Springtime is one of my favorite times of the year to teach! Flowers bloom, everything is new, sun shining, and engaging resources.  I use lots of spring themed lessons including Easter activities. My all time favorite thing to do, is to step away from the curriculum, just a little and teach poetry! Students really learn to love literature when they see how much fun they can have with words!

Spring also means new plants and flowers are in the process of growing.  Students have a blast learning all about plant parts, dissecting the plants, germinating their own seeds and more in this 3 week Plant Unit.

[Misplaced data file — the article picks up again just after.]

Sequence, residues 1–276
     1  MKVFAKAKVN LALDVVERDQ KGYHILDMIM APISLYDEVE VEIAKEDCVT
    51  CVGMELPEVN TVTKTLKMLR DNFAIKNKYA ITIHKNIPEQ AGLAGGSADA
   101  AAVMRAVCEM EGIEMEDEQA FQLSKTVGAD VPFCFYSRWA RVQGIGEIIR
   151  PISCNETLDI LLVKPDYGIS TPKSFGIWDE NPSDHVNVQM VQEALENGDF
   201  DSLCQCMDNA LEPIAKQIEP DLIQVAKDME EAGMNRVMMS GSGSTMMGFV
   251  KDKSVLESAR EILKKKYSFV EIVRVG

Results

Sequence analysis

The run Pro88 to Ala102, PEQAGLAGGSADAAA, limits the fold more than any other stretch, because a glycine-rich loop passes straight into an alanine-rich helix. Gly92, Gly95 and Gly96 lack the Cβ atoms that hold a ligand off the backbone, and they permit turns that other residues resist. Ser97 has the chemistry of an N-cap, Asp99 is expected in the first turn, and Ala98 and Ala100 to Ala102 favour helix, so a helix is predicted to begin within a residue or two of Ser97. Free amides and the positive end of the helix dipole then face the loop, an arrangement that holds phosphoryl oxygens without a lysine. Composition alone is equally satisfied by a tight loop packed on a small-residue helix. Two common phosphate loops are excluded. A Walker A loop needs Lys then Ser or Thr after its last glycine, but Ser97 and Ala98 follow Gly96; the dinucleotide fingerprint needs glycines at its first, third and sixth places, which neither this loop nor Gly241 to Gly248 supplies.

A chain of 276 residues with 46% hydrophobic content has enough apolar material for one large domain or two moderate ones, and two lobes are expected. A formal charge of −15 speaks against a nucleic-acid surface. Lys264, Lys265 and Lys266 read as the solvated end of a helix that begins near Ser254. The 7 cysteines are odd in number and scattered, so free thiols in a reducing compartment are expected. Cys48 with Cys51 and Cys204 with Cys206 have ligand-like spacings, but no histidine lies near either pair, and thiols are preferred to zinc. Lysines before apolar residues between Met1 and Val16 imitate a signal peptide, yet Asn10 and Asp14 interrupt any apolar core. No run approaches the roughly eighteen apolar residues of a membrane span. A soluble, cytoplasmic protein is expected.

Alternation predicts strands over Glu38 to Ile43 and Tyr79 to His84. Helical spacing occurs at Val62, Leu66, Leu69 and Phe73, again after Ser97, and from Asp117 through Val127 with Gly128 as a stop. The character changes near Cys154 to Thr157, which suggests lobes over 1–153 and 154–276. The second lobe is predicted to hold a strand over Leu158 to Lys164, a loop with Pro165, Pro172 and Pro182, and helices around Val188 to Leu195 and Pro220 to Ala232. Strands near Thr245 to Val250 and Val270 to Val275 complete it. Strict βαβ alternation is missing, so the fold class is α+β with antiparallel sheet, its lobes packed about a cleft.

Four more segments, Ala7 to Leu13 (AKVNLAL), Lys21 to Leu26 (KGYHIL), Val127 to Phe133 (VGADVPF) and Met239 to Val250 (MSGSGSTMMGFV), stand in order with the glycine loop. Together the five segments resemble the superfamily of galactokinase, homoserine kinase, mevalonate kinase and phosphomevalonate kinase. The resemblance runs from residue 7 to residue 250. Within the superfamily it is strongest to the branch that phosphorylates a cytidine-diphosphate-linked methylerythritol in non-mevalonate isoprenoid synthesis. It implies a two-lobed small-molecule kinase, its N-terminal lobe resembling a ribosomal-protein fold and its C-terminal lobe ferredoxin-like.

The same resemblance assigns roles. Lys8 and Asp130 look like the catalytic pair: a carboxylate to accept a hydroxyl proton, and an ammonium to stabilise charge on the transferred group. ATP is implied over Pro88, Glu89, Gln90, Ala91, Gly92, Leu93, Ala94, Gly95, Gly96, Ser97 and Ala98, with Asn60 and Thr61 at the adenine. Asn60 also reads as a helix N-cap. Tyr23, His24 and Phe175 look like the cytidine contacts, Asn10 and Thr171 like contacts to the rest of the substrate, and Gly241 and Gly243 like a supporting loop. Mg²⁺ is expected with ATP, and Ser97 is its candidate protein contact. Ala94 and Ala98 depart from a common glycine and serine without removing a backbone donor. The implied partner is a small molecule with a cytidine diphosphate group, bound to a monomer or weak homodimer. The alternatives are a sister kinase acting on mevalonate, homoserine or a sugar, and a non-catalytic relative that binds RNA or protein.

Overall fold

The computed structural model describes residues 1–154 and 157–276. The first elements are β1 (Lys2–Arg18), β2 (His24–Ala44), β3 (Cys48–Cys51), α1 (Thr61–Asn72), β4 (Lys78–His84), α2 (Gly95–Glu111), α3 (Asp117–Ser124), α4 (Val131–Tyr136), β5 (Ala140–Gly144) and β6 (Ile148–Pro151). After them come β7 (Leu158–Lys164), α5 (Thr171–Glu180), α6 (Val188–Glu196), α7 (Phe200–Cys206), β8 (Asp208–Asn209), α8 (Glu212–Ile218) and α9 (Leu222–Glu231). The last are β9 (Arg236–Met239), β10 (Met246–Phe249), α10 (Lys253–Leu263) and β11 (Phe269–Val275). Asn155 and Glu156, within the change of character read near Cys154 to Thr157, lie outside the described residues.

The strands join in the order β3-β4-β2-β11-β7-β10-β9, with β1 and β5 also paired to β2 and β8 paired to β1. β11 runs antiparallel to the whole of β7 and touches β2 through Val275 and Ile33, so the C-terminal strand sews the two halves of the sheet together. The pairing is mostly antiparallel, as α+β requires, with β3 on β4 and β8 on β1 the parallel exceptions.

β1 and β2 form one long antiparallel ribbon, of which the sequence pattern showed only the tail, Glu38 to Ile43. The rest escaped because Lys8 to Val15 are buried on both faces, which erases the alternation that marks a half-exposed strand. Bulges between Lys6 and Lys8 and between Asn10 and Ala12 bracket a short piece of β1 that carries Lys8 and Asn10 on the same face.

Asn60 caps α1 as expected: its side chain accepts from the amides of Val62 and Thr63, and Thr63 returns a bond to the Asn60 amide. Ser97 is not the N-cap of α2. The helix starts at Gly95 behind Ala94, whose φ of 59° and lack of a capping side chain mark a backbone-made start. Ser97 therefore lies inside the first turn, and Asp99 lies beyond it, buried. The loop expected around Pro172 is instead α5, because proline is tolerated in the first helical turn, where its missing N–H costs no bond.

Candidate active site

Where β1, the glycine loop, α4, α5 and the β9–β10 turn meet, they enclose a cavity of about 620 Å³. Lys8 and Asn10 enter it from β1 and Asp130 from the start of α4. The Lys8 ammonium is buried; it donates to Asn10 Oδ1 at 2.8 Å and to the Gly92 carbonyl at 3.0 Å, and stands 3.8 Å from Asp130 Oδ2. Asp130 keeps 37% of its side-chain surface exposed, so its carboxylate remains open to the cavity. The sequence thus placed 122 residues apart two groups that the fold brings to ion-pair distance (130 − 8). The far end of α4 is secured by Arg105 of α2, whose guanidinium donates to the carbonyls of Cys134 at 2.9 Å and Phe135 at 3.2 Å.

I also use Spring Worksheets with my kindergarten students that are themed in all subject areas!  This creates a connection across the curriculum areas.  The printables also meet most state standards in reading, writing, math, and science.

Of course celebrating springtime would not be the same without some fun spring and Easter activities in the classroom for our students! Students get creative with art supplies making butterfly glasses, bunny headbands, jellybean math, and life cycle books.  Whatever you do with your students, make sure you are having fun right a long with them! Happy SPRING!

 

Celebrating The Great American Solar Eclipse